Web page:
New Jersey is the Garden State and our plants just grew like crazy. The watermelon plants grew hundreds of leaves that spread out all over the place. Johnny would jump out of bed first thing every morning and run to the garden patch in hopes of spotting his first watermelon. The tomatoes eventually turned red, the bell peppers and zucchini grew in abundance too. Meanwhile, Aunt Gloria was beginning to suspect that the watermelons were not going to produce much more than green leaves. So she planned a little surprise for Johnny.
The next morning, like clockwork, Johnny ran out the back door to check on his watermelon patch. In a few minutes we could all hear his ‘hootin’ and ‘hollerin.’ “I got one! I got one! I got my very own watermelon! Everybody ‐ come look!!!”
We could see him from the window. He jumped up and down, hopping from one foot to the other with that blond curly hair bouncing and his blue eyes shining.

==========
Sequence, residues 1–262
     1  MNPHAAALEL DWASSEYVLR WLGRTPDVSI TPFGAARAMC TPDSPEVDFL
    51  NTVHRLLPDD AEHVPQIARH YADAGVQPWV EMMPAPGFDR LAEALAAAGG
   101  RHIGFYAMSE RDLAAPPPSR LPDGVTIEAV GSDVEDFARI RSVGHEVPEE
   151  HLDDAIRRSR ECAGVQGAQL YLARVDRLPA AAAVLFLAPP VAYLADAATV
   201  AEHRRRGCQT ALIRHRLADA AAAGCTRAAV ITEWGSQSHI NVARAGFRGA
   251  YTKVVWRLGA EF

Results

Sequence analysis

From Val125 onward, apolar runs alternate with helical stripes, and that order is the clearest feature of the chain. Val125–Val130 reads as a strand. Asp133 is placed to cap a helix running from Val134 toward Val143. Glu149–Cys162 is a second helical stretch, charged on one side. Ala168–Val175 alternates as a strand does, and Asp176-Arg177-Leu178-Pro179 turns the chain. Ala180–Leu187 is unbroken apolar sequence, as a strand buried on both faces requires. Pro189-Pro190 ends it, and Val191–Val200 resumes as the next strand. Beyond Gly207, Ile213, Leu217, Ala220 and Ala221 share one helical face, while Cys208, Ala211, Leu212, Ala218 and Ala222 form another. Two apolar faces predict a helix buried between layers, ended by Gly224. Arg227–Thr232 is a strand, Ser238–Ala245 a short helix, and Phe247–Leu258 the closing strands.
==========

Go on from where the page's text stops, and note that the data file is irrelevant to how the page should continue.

We all went running out the back door to meet him as he continued jumping with that toothless seven year old grin, as he proudly displayed the roundest most beautiful little Sugar Baby watermelon any of us had ever seen in our entire lives. Of course we older kids were in on it but congratulated Johnny heartily on his superior gardening skills and his prize watermelon. He just beamed from ear to ear. Aunt Gloria put it in the fridge so it would be a nice cold dessert on that hot, summer night.
I will never forget his little face or for a moment, the sheer happiness and delight that one watermelon could bring to one small boy. He never forgot it, either. Many years later, when we reconnected over the telephone after going our separate ways for a long time the way adults just do, we spoke with delight of the watermelon story again.
And just for that moment, remembering, we were those two kids again. Rest in Peace, Johnny. You and your watermelon are forever in my heart.
Love from your cousin,